I’ve been to a few funerals for officers killed in the line of duty. Many of these officers were killed by suspects or in traffic accidents, or even suffered heart attacks while trying to control a resisting offender. But I’ve attended two times as many funerals or memorials for officers who have killed themselves.
This is not an easy subject to talk about. In law enforcement it is the “elephant in the room” that no one wants to acknowledge or speak about. Instead, the collective attitude seems to be, “Don’t look. If we avert our eyes and don’t do anything to admit it exists and is a real problem, maybe it will just go away.”Like anything positive ever happens when you just pretend there’s not a problem and don’t take steps to deal with it. Even worse are those administrators who deny there is a problem at all, and refer to officers who have killed themselves as “weak.” Some administrators have no policies or programs such as stress reduction, wellness or counseling available to mitigate officer self-inflicted deaths.
Item: An officer commits suicide in the parking lot behind police headquarters.
Item: A police chief writes an email stating, “These suicides were about personal choices, selfishness and weakness,” after three of his officers commit suicide in two years.
Item: A police officer battling depression shoots himself at the scene of a car burglary in front of his partner and the car’s owner.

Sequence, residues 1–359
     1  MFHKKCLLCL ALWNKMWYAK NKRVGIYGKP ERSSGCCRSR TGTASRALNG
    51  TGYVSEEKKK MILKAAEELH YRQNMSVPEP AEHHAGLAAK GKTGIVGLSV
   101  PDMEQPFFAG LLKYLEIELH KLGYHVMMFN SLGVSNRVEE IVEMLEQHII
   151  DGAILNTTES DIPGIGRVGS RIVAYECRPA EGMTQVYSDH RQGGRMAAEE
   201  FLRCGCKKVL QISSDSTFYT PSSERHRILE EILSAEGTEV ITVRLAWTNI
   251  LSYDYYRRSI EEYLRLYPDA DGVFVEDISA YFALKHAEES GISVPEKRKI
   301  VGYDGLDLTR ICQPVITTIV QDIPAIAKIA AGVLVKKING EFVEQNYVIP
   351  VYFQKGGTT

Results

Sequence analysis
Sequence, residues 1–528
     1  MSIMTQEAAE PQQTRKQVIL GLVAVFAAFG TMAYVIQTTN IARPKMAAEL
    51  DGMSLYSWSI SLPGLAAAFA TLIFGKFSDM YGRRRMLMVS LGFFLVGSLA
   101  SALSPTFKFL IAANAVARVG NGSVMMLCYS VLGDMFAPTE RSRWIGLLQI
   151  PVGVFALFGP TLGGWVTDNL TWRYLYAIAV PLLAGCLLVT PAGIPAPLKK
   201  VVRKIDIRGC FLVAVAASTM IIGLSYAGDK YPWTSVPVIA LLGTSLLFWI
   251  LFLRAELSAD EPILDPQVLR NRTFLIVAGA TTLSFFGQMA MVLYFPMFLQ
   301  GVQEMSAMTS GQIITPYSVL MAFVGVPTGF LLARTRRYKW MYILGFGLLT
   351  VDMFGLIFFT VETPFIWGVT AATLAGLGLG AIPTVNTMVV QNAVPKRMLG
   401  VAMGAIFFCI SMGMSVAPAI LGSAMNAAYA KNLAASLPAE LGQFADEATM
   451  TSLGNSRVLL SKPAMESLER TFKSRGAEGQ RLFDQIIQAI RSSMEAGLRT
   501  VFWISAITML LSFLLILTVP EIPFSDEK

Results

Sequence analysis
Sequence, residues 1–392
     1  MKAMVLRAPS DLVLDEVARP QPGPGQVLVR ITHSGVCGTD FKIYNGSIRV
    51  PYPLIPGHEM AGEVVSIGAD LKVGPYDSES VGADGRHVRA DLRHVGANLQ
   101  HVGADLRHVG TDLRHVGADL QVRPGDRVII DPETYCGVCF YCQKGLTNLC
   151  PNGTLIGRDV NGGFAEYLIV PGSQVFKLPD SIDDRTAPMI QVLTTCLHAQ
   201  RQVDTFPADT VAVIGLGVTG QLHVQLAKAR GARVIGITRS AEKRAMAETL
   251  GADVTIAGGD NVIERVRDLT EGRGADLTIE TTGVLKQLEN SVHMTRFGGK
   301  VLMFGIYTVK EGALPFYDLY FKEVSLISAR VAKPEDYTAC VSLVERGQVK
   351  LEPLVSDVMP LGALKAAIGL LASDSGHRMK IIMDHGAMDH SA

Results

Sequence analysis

Item: Two officers from the same agency commit suicide within two months. Over the past five years this agency has had four officers take their own lives.
Item: A lieutenant who was publicly excoriated after a use of force incident involving a mentally ill subject who died from a fall after he was Tasered commits suicide. The lieutenant had his badge and gun taken away and was removed from his assignment.
Item: Less than two weeks after a recently retired officer commits suicide, the retired officer who wrote his obituary takes his own life as well.
Having survived violent encounters on the streets, only to die at your own hand, is truly a sad statement.
We've all heard that more police officers die by their own hand than are killed in the line of duty. According to the The Badge of Life website, “More cops commit suicide than are killed by felons. In 2011, there were 147 police suicides and 164 line of duty death, 65 of which were by gunfire.”
As reported in “A Study of Police Suicide from 2008 to 2012”:
2008 police suicides: 141
2009 police suicides: 143
2012 police suicides: 126
2012 Average age: 42 years
Average years on the job: 16
Gender: 91 percent male
63 percent of suicide victims were single
The website and study does a lot to debunk many of the myths of the causes of police suicide—alcoholism, divorce—as unsupported by available data.
Police suicide researcher Dr. John Violanti is quoted on retiree suicide numbers as saying, “Police officers continue to experience the ‘residual’ of trauma after separating from police service.”
What's the real culprit?
Alcohol abuse, readily available guns, stress about the “administration,” lack of support...the list goes on, but many factors like alcohol abuse may be symptoms of larger issues. According to The Badge of Life, the deeper problem may be Post Traumatic Stress Disorder (PTSD). In “Stress and Health in Law Enforcement” a study of officers from the Buffalo, New York Police Department, published by the CDC (Centers for Disease Control and Prevention) by Baughman, Hartley, Burchfiel and Violanti, the authors list a variety of reasons why members of this profession may be at greater risk for suicide, including: “The prevalence of depressive symptoms was nearly double that of the general population,” “officers had up to six times the poor sleep quality of the lowest stressed officers,” “increase in certain types of cancer,” “reduction in brachial artery flow," and more.